IT executives who have been eyeing Linux as an alternative operating system for enterprise servers are beginning to see more diverse options emerge from the open-source arena.
In recent weeks, commercial Linux vendors have unveiled easy-to-install desktop operating systems, rolled out an operating system tuned for server environments and engaged in mergers that should help add muscle to the Linux movement.
Early next year, Version 2.4 of the Linux kernel will be available and is expected to address some key enterprise needs. The kernel will include scalability enhancements to the file system and support for large memory stores and symmetrical multiprocessing, according to Linux creator Linus Torvalds.
The advancements don't meet all enterprise operating system requirements, but they provide more fuel for the Linux fire.
"It is still not clear Linux has the necessary features for the enterprise," says Tony Iams, an analyst for D.H. Brown Associates in Port Chester, New York. "We need to see how the kernel will advance."
The advancements are needed to break Linux away from the pigeonhole it has assumed in the enterprise -- single-function servers for the Web or e-mail -- and to answer questions about high performance.
But the commercial Linux community is not waiting for the 2.4 kernel.
"There was a certain amount of validation for Linux given the presence Linux had at Comdex," says Ransom Love, president and CEO of Caldera Systems. "It means the business community is looking at Linux as a serious alternative."
Caldera is trying to build on that with its OpenLinux eServer 2.3, a thin server that can be managed remotely. The idea is to manage groups of eServers, instead of individual devices, from a browser-based tool called Webmin.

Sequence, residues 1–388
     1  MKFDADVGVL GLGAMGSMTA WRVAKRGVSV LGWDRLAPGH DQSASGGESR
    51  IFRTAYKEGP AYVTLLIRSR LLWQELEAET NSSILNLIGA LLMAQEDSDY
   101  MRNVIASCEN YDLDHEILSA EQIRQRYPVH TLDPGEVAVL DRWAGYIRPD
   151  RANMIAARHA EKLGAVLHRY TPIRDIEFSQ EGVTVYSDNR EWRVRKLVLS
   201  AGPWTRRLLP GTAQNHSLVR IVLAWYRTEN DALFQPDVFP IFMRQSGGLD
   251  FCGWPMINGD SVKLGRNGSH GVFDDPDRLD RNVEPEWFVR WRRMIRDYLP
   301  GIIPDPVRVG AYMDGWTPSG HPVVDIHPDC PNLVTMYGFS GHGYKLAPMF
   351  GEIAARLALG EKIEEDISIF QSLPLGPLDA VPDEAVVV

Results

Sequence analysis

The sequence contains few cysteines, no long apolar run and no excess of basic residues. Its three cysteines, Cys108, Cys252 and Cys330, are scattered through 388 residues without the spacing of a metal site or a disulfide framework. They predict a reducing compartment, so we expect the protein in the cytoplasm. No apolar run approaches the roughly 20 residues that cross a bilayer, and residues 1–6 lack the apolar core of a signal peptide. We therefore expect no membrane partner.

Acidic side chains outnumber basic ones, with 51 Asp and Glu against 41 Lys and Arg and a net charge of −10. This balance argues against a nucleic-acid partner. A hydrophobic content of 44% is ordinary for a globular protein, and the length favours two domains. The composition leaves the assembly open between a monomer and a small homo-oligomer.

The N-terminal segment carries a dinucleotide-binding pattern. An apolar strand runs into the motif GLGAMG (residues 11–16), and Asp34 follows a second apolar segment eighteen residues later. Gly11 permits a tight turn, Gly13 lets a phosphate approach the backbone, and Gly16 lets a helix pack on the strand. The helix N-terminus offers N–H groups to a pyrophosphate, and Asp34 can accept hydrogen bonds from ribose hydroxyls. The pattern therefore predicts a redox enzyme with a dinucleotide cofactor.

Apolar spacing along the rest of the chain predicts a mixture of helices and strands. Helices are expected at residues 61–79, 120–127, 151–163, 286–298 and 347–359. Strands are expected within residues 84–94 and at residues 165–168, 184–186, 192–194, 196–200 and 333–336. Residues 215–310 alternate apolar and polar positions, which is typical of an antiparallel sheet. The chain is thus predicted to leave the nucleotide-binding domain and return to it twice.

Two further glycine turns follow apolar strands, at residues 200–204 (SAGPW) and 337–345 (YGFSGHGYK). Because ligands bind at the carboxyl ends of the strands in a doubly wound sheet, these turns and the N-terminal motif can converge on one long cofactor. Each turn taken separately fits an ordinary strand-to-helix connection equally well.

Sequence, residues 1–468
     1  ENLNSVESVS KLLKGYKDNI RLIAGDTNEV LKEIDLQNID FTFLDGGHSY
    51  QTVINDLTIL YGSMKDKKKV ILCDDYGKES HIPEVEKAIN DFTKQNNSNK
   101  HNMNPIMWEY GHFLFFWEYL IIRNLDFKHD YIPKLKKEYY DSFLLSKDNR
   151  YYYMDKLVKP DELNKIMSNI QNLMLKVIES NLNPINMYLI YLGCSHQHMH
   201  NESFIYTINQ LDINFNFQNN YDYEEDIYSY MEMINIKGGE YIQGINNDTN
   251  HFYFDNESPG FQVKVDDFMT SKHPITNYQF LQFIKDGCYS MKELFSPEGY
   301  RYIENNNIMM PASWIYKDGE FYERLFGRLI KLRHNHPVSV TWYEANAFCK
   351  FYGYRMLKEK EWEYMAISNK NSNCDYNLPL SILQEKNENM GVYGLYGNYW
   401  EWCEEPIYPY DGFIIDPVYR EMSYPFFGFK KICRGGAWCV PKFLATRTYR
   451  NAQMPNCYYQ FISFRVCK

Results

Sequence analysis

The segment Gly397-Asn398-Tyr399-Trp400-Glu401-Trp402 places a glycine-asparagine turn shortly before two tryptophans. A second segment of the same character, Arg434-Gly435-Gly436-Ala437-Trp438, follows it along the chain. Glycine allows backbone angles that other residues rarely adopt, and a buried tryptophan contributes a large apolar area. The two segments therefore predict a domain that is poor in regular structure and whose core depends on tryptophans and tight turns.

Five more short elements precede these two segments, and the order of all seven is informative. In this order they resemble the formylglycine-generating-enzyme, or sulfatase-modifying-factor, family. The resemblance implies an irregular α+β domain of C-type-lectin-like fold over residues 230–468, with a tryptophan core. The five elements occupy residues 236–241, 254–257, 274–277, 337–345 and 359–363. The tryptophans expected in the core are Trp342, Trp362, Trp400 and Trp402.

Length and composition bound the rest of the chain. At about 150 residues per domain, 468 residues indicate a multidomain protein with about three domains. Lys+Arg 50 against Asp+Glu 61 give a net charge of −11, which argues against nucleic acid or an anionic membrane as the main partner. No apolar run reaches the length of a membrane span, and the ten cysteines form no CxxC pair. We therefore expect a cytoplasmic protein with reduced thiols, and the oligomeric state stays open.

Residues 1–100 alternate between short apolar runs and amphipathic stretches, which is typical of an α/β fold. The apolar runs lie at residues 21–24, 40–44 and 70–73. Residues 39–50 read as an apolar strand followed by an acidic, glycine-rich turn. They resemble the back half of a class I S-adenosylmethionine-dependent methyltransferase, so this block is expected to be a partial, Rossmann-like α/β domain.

Caldera plans to add hooks for such enterprise requirements as directory services, so eServers can be incorporated into e-commerce environments.
"We [the Linux community] have to start adding features to Linux that address the needs of ... the enterprise," says Donald Barnes, director of technical projects for Red Hat.
On the mergers and acquisitions front, Red Hat recently bought development tools company Cygnus Solutions for $US674 million in an effort to offer a broader set of products and support to enterprise customers.
Corel is also pumping up its Linux efforts with improvements to its desktop Corel Linux operating system. The company has greatly simplified the install process and put "fit and finish" to the operating system.
Early next year, Corel will ship its WordPerfect Office suite for Linux in an effort to fill the application gap on the platform.
"The biggest glaring hole for Linux is enterprise and desktop applications," says Dan Kusnetzky, an analyst with International Data Corp., a research firm in Framingham, Massachusetts. "For Linux applications it has been 'roll your own' -- that's good for developers but not good for the enterprise."